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battery charging / testing multimeter question

Discussion in 'Power Electronics' started by pauld, Jan 23, 2015.

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  1. pauld


    Jan 23, 2015

    I have limited electronics knowledge but know how not to kill myself around them, I have done a lot of research on the subject but just need someone with the know how to connect the dots and give a solid answer. I am looking at buying an intelligent battery charger however it only fits AA/AAA. I have a 18650 type battery and would like to charge it intelligently.

    The charger I am looking for is similar to this

    So my three questions are

    1) Can I just put a wire from both terminals of the charger to the terminals on the 18650 3.6v battery. Will this just trickle the juice in until full or will the charger realise 3.6v is way too high for the AA / AAA battery that it is expecting and either not work or cause a disaster

    2) If the above is bad then is there a way to test a dumb charger while its charging as to when it is finished. I have a basic multimeter and wondering when the battery is taking a charge does it show a different current compared to when its fully charged. Does it behave differently and if so what is an example of the difference between taking a charge and full. And where should I put the multimeter terminals. I seen a Russian video where he put a piece of copper between the bottom of the battery and the bottom clip of the charger. Then he touched one multimeter terminal on the copper and the other just on the back of the bottom clip of the charger. I have absolutely no Russian so wanted to ask if this makes sense to you guys.

    6:15 minutes into the video

    3) If the above isn’t possible then finally I believe you can test a battery with a multimeter but need to put it under a load. Can anyone send me a link of the resistor that is needed to do this.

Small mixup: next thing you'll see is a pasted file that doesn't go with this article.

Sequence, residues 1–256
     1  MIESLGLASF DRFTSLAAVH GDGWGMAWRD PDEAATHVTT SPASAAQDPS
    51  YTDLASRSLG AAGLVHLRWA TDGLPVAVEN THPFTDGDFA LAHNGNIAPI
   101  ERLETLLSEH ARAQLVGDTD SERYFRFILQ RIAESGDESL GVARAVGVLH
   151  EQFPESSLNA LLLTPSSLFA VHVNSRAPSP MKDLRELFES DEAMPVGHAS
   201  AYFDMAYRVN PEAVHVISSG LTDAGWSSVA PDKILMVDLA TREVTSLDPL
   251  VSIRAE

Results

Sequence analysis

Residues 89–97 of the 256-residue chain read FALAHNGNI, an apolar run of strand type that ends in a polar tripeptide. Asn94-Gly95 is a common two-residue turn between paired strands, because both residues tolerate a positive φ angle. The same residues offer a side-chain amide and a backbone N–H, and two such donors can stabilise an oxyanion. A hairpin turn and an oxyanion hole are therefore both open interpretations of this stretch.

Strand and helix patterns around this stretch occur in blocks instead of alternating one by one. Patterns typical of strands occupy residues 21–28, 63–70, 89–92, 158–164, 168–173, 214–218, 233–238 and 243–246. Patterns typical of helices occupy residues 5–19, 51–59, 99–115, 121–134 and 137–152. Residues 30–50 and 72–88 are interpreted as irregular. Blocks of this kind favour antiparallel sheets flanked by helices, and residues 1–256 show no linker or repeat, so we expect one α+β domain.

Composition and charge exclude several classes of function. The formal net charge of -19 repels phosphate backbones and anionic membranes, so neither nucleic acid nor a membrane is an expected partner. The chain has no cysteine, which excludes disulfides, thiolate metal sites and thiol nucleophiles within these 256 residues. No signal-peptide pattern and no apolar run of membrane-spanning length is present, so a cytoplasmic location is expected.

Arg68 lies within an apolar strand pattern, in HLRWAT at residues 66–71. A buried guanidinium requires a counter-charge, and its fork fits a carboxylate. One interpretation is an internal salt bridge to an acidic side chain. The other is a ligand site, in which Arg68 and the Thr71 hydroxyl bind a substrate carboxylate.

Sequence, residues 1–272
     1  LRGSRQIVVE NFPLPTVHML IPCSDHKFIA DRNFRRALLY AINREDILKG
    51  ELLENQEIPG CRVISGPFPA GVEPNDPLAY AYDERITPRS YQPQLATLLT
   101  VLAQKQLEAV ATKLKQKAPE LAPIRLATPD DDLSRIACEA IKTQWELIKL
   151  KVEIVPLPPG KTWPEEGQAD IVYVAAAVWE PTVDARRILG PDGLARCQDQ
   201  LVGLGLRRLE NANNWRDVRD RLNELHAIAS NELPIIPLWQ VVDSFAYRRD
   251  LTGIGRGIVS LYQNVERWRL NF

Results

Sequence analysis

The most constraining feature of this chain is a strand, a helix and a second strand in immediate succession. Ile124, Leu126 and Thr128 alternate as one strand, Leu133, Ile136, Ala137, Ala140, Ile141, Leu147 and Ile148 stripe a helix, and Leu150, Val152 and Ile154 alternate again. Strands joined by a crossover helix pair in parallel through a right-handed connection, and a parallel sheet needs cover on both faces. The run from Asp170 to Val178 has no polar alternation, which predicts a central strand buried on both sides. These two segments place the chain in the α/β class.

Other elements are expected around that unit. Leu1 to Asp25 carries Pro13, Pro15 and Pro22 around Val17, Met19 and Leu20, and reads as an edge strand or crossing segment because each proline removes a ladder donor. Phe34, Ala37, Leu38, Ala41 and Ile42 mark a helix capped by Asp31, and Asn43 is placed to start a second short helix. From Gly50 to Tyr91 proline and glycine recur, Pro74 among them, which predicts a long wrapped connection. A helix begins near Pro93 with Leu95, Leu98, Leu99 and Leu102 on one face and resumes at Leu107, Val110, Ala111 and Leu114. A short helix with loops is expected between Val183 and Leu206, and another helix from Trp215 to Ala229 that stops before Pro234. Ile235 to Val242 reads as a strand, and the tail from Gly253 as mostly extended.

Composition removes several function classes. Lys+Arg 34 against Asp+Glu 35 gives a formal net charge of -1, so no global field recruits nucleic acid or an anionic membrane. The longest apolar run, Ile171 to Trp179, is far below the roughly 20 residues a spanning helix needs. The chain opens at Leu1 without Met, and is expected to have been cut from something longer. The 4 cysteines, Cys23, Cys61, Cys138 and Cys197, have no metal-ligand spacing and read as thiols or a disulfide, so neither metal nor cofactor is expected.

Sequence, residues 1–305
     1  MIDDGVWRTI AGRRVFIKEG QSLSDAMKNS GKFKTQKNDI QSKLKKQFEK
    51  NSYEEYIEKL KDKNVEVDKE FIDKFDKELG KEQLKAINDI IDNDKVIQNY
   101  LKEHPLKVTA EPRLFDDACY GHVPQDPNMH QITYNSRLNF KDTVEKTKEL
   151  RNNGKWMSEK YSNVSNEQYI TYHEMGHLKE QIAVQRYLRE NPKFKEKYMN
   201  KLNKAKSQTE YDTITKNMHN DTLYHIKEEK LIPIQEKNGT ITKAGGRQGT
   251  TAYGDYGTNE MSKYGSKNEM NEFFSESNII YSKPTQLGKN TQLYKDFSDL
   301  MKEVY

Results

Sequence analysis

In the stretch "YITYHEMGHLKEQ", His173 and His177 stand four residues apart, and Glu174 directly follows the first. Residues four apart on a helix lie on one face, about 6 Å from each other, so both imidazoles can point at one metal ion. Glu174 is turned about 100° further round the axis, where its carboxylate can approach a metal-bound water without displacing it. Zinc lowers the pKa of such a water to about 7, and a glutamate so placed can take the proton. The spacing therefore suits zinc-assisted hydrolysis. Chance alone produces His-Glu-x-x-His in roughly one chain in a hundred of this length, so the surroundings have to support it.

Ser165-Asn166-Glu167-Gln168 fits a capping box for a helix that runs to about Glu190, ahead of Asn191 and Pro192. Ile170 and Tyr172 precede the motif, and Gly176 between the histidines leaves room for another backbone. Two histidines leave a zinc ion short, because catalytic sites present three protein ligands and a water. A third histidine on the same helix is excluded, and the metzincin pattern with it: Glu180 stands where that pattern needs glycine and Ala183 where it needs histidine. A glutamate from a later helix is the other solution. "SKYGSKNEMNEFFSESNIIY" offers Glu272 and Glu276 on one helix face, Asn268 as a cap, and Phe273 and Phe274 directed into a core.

Thank you so much for your time

  2. Gryd3


    Jun 25, 2014
    Paul, you cannot use a simple (or smart) AA or AAA charger to charge a 3.6V Lithium cell.
    There are a couple reasons:
    Reason 1. Chargers works by charging the battery by connecting a reverse polarity voltage that causes current to flow in the opposite direction back into the battery. This current is what should be regulated. Different battery chemistries have different limitations as to how much current they can handle.
    Reason 2. When attempting to charge a 3.6V cell with a charger meant to charge a 1.2V cell, you could very well cause the charger to fault causing damage to the battery, charger, or both.
    If you wan't to rig something together to charge your battery, you should google around for 'charging characteristics' for the specific chemistry of cell you will be working with. From there, you will need to keep an eye on the current and voltage through and across the cell to determine when the cell is charged.
  3. Arouse1973

    Arouse1973 Adam

    Dec 18, 2013
    No your battery is a lithium battery. The charger you linked to is for Nicd and Nimh. You must not do this.
  4. BobK


    Jan 5, 2010
    There are plenty of inexpensive chargers for 18650 batteries out there. Buy one.

  5. pauld


    Jan 23, 2015